If you are currently studying A-levels or equivalent and want to pursue a career as a barrister, you should start working on your legal CV now. This article outlines the types of barrister work experience that are available to you in year 12 – before you even start studying law.
In recent years, an increasing amount of law chambers around the UK are keen on providing barrister work experience for Year 12 students who are considering a career in law. These placements are designed to offer students a unique opportunity to learn about the role of barristers and the legal profession as a whole, as well as the chambers itself. Depending on the chambers you apply to, the placement usually lasts a few days to a week.
During the placement, you can expect to work closely with clerks and barristers while carrying out duties such as legal research, court visits among other administrative tasks, which reflect the inner workings of a barrister.
What’s more, you will gain practical benefits such as legal skills, communication skills and problem-solving skills that are not only important for barristers but help to demonstrate your skillset on your future mini-pupillage and pupillage applications.
In selecting applicants, chambers are actively seeking talented students who are underrepresented at the Bar (i.e. BAME students) and those who would be the first generation in their family to attend university. This is to promote equality of opportunity in the legal profession.
Sitting in a public hearing in the public gallery of a courtroom is a form of barrister work experience you can do in year 12, as it gives you a chance to observe how cases are being conducted by barristers and a judge gives court judgement.
While it is especially common for aspiring lawyers to visit Crown Courts or Magistrate Courts to observe criminal trials, you may also observe a tribunal hearing for employment-related disputes.
As members of the public, students are generally welcomed to turn up on any weekday and report to the public office. On arrival, the officer will advise you on which courtrooms are running on the day.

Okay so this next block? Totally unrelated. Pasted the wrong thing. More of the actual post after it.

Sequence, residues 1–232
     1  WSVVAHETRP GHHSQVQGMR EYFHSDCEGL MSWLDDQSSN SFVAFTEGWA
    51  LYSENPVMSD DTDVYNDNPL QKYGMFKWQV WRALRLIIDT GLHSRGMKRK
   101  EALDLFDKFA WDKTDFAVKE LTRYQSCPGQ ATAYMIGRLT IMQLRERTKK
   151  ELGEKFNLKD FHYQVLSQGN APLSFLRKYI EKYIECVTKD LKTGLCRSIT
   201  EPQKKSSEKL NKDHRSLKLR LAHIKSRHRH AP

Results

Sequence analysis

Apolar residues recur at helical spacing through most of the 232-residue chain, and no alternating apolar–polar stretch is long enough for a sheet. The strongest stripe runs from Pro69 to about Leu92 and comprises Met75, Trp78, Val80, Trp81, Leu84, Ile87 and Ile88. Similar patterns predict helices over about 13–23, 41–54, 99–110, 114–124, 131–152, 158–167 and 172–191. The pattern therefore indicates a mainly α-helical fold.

However, to avoid disappointment, you could also telephone the administrative team the day before you intend to visit. It would confirm the number of cases are listed for the next day and the main jurisdiction.
Participating in debate competitions goes hand in hand with gaining barrister work in year 12 because there are several benefits such extracurricular activity can offer. The nature of debate competitions will boost your confidence in public speaking, enhance your oral skills, sharpen your ability to analyse issues and defend your arguments. These are key skills you will need as a barrister.
Essentially, debate competitions are very similar to ‘mooting’ competitions at university which simulate a court hearing, and chambers would expect candidates who are applying for a mini-pupillage or pupillage to have participated in similar competitions at college and university.
Therefore, while you are actively seeking barrister work experience, try to join a debate competition at your Sixth Form College.
While chambers primarily look for legal work experience in a candidate applying for a mini-pupillage or pupillage, non-law related work experience including volunteering work are of equal value.
You can demonstrate a wide range of transferable skills (e.g. leadership skills, time-management skills, ability to initiate) through any work experience that you have done to showcase your potential for a career at the Bar.
These would also favour your application to law schools as universities’ admissions appreciate applicants that are well-rounded in assessing your potential to study a law degree.
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